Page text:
Terre Haute News
Indiana Central News
Terre Haute, Indiana
Terre Haute, Indiana
The special meeting held tonight to discuss the city's financial challenges at City Hall was more than two-and-a-half hours long, with just a handful of residents in attendance to discuss what has become the top local issue: The general fund deficit.
In identifying potential revenue sources, the council discussed the possibility of implementing a solid waste fee of about $12.50 per household, a wastewater fee, a stormwater fee, a public safety option tax or a food and beverage tax.
It was noted that the food and beverage tax could likely generate a fair amount of revenue; however, it could not be used to meet the general fund needs.
Public comment was encouraged during the discussion. Three residents addressed their concerns to the council, with both council and audience members questioning the community's ability to pay a possible trash fee.
Terre Haute City Council President Todd Nation, Vice President Karrum Nasser and members Earl Elliott, Amy Auler, Curtis DeBaun and Martha Crossen were present. Councilmen George Azar and Don Morris were not present at the meeting.
Nation led conversation at the meeting while referring to financial documents prepared for the session by Elliott. He pointed out that information available to him on the spreadsheets was limited to the end of the month of November, as information including December had not yet been provided by the administration. At that point, the deficit balance reached several million dollars.
"So, by Earl's calculation, he's saying that we're at $21,458.711 in the hole," Nation said. He also expressed concerns about vendors reportedly not being paid on time for services.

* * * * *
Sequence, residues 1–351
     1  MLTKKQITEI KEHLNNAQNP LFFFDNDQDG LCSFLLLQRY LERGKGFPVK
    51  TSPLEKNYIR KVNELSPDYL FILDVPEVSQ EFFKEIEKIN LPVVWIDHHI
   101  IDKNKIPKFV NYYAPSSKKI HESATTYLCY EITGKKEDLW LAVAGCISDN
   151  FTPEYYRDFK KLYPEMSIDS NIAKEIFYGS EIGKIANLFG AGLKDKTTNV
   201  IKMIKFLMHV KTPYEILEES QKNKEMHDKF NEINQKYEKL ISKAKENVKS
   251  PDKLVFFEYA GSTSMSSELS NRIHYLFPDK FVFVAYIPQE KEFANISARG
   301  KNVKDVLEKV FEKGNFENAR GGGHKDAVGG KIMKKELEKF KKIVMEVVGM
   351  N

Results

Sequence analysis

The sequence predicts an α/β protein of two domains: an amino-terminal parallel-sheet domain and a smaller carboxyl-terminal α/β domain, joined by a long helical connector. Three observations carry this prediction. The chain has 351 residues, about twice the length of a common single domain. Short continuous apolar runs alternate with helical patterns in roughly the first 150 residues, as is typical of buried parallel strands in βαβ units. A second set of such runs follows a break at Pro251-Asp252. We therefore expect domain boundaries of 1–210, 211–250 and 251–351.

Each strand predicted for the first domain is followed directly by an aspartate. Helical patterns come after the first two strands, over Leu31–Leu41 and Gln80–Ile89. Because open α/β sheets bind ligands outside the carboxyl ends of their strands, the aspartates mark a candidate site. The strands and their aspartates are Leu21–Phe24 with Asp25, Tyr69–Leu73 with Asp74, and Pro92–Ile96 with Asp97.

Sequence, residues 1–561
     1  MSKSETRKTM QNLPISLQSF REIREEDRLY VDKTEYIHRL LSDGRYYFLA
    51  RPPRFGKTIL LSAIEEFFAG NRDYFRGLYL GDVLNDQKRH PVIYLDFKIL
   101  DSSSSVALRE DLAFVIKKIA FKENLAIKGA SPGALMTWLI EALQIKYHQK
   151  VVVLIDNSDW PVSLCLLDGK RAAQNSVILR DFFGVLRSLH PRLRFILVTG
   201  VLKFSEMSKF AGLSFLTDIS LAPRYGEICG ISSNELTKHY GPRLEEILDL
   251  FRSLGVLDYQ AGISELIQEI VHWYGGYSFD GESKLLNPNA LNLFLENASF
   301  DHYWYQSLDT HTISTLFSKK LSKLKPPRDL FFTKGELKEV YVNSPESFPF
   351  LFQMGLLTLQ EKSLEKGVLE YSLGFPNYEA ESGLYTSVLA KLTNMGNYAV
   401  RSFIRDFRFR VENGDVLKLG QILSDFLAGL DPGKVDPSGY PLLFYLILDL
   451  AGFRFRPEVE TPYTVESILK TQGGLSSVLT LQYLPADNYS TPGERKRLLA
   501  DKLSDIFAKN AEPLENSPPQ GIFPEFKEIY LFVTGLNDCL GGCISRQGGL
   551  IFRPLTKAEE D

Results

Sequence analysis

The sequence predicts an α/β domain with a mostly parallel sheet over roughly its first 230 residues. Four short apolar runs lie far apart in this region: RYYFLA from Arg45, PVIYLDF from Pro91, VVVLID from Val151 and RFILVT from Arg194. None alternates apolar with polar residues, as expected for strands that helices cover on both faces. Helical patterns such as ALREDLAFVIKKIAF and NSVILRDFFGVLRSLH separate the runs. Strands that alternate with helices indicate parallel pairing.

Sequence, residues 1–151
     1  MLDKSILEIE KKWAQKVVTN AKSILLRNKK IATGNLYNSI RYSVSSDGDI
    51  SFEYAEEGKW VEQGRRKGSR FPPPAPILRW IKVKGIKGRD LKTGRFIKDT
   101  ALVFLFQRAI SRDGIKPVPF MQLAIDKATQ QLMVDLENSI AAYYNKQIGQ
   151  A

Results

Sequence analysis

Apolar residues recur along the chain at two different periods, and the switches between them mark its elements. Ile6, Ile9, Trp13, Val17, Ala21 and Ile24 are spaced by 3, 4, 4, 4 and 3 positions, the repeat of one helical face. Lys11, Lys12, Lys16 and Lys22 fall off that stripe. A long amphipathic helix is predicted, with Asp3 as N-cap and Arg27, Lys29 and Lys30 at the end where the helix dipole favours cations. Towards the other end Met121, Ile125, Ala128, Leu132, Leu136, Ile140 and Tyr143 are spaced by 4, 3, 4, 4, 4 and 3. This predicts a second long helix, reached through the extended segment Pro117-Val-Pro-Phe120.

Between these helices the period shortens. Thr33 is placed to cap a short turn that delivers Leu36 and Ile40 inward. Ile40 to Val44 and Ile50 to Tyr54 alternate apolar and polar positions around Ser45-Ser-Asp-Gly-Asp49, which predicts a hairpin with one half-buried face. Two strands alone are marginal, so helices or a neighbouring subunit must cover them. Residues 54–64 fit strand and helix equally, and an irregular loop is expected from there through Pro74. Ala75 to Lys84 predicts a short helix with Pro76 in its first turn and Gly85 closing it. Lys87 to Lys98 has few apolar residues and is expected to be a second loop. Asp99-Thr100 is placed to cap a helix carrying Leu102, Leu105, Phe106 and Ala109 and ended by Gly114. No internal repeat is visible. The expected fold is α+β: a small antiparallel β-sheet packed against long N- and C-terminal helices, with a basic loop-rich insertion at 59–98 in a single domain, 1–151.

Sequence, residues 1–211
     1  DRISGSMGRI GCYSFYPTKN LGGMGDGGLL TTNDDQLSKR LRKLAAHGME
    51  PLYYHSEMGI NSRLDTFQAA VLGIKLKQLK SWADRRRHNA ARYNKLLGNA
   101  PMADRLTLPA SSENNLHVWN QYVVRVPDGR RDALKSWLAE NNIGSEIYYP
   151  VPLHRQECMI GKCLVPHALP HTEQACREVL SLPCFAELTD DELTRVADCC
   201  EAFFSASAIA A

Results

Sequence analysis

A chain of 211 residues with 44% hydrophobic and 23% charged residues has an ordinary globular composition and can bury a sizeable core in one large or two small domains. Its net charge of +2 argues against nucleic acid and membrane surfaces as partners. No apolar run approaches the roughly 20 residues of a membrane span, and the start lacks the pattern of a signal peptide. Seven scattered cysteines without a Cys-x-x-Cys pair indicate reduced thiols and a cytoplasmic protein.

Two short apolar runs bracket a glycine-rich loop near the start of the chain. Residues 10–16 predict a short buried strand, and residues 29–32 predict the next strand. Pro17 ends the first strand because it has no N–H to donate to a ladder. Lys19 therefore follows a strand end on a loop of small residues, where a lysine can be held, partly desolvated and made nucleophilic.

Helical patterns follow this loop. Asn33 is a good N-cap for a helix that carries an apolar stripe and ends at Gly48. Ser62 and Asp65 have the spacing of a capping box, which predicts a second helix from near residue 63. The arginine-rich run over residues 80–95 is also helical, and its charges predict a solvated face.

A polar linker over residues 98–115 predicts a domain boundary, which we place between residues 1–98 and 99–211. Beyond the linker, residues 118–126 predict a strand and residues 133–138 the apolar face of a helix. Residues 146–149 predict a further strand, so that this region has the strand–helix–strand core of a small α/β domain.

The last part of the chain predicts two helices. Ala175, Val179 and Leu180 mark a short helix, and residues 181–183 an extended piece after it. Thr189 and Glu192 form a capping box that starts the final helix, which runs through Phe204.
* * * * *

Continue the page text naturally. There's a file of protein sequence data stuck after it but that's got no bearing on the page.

Mayor Duke Bennett said the report had been "mixed and matched," redirecting the coucil to look specifically at the general fund figures. He guessed it would be around $5 million less than Elliott's number.
After some discussion, Crossen pointed out that while the actual deficit numbers would rely on more information, it's still significant.
"We might not be able to be able to put pen to paper, and come up with exact numbers, We certainly identify that we have this problem, and it's going to take us somewhere -- at least five to 10 years to get back to the point where we don't have this terrible deficit," she said.
Further discussion continued on the figures in the budget, which Bennett explained was a "moving target."
Nation asked how long it will take to "get out of this hole?"The mayor believes implementing a new revenue source will help the situation tremendously. He said that it could take a few years to catch up.
"I thought the balanced 2016 budget, of about $34 million was passed, last October, " Nation said, adding," And City Council and city administration were happy. Now, we're $3 million short, nearly 9 percent, moving forward to 2017."
Cutting expenses and creating additional revenue sources to catch the finances up had audience and council members unafraid to address the $1.5 million allocated to fire department overtime hours in last year's city budget, while Bennett defended the costs of public safety, making it known that cuts there would not be acceptable.
Nonetheless, the Terre Haute Fire Department, with Chief Jeff Fisher and several members in attendance, took the heat from council members Garrison, Nasser, Nation and Crossen -- who suggested taking closer looks at the $16 million general fund budget, of which 80 percent goes for police and fire.
Crossen, while noting $800,000 is budgeted to the cost of THFD overtime, said the cost of "some big items in public safety" need to be looked at because of the severity of the financial situation.
"When we're going to, you know, we're going to go to our citizens and ask them to contribute more than a regular city -- then I think we really need to make sure we've looked at those things," Crossen said.
Bennett explained that the city has lost around $70 million in revenue since 2009, and it's one of the hardest hit out of the groups in a recent study.The overall budget has only increased 4 percent since 2008 he said, blaming tax caps for the financial woes. He said the administration has made as many cuts as possible at this point.
Further discussion on the topic will continue at the next City Council meeting Thursday, Feb. 11.
© Indiana Central News. All rights reserved. Terre Haute, Indiana
News Writer: Lucy Perry